What are the rights of fathers in Latvia?
August 22, 2023
In Latvia, both parents equally exercise parental rights and duties. When it comes to resolving parental disputes in court, a judge would often be required to rule, among other things, on a) the custody rights and b) the access rights. In this article we will discuss what are custody and access rights within the meaning of the Latvian law.
According to the Latvian law, custody is a set of rights and duties of parents to care for the child and his or her property and represent the child in his or her personal and property relations. Custody can be exercised either jointly by both parents or separately by just one of them.
The law says that parents shall continue exercising custody rights jointly even if they separate or divorce. Therefore, a father has the same custody rights by operation of law. The definition of custody rights as used in the law is to be understood in a broader sense. It shall not be narrowed to just the physical care over a child when a father spends time with his child. Exercising custody rights means participation in the taking of decisions concerning care, health, protection, upbringing and other issues concerning a child. Therefore, even if the father is residing in a different country, he can still exercise custody rights and shall be consulted by the other parent on all important issues relating to his child, e.g., medical care, change of country of residence, education, change of school, extracurricular activities, etc.
However, custody rights can be limited either by mutual agreement between the parents or by an order of the court. In some cases, a judge can rule that it is in the interests of a child to determine that one of the parents has separate (sole) custody. Although, according to the case law the establishing of separate (sole) custody in favour of one the parents shall not result in the cancellation of custody rights of the other parent, the latter’s custody rights are significantly reduced. Separate custody means that the parent exercising it can take important decisions solely and dispense with the views of the other parent. Different reasons can lead to a ruling satisfying separate custody claim of one of the parents, but the other parent’s lack of interest and involvement in the life of a child can be one of those reasons, especially if the court finds that it can harm the interests of the child. In such cases a judge may find that it is in the interests of a child to establish separate custody for one parent, so that he or she can take the required decisions without the need to consult the other parent.
But in those cases where there is no written agreement between parents on separate custody and no court order establishing separate custody, the parents shall have equal custody rights.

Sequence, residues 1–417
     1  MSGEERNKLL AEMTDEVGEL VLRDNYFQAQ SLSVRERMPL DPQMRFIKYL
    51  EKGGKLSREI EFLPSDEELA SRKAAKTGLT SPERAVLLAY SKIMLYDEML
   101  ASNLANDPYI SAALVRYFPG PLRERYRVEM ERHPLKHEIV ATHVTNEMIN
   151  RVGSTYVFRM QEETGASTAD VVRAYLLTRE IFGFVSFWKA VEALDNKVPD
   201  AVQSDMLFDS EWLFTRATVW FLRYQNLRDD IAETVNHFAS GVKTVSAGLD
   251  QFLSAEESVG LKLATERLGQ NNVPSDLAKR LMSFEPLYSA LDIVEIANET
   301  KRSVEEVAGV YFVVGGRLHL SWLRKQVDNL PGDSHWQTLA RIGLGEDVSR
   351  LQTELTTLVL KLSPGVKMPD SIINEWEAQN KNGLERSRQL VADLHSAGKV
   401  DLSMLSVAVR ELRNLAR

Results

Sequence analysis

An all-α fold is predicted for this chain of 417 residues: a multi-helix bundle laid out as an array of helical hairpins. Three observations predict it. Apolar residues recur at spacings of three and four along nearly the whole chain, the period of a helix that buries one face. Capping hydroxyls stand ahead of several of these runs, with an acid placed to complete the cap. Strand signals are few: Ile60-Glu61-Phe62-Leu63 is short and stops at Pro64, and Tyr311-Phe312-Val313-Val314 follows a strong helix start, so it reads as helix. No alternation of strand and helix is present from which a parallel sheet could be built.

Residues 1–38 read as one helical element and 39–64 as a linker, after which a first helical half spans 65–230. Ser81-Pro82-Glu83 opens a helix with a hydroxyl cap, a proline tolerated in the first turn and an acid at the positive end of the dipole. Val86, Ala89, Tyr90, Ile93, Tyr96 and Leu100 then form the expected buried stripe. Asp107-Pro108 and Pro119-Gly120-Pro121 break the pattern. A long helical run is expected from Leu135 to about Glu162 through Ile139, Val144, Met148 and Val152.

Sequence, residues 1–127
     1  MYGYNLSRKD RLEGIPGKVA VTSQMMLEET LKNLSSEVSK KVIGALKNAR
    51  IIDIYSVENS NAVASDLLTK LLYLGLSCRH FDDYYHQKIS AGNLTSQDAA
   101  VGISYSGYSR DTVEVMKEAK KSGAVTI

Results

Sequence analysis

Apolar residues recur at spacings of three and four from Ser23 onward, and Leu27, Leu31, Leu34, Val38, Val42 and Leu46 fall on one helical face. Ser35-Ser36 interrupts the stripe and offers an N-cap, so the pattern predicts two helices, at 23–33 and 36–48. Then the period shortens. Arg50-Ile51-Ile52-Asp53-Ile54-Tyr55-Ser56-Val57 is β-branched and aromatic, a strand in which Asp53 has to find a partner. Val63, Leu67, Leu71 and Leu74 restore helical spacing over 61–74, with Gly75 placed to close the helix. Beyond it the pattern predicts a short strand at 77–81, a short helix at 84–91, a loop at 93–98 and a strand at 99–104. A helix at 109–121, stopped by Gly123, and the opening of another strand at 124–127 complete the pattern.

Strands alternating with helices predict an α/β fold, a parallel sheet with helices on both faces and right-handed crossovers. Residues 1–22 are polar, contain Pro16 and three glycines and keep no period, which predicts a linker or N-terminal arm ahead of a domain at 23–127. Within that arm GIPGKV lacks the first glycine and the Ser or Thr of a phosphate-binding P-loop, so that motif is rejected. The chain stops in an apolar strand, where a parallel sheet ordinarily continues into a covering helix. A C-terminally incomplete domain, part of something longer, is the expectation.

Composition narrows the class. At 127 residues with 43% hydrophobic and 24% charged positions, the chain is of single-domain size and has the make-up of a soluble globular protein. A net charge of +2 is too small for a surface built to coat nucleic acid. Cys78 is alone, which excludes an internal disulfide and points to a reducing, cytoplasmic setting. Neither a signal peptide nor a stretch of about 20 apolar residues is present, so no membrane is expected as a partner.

Access rights (contact rights/visitation rights) means how, when, and how often does the parent that is living separately from the child can see and spend time with his or her child. According to the Latvian law, a child has the right to maintain personal relations and direct contact with any of the parents. Each of the parents has a duty and the right to maintain personal relations and direct contact with the child. This is applicable also if the child is separated from the family or does not live together with one of the parents or both parents. The parent who does not live with the child has the right to receive information regarding the child, especially information regarding child’s development, health, educational progress, interests, and domestic environment.
In simple terms, access rights are attributed to the parent with whom the child does not live. For example, if a mother of a child for some reason prohibits the father from seeing or contacting their child, the father shall seek protection of the access rights in the court. Access rights are usually granted by the court in a form of a schedule of visitations during which the father has access to the child to spend their time together.
The Supreme Court of Latvia had recently ruled that in cases where parents are separated or divorced, the parent living separately from the child shall have an opportunity to have contact with the child in an amount that is quantitatively and qualitatively comparable to the capabilities of the other parent. The Supreme Court had also found that, in a case requiring determination of the schedule of visitations, a parent who lives separately from the children should not be put in a disadvantageous position as compared to the other parent. It is essential and in accordance with the children's interests to provide as equal an opportunity as possible for both parents to be involved in the child's life and spend time together.
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Family law is one of the main areas of expertise of Belyaev & Belyaev.
If you have been sued and require protection of your custody rights in the court of Latvia or if you are willing to enforce your access rights through the court, please feel free to contact our firm using the form below or by email.
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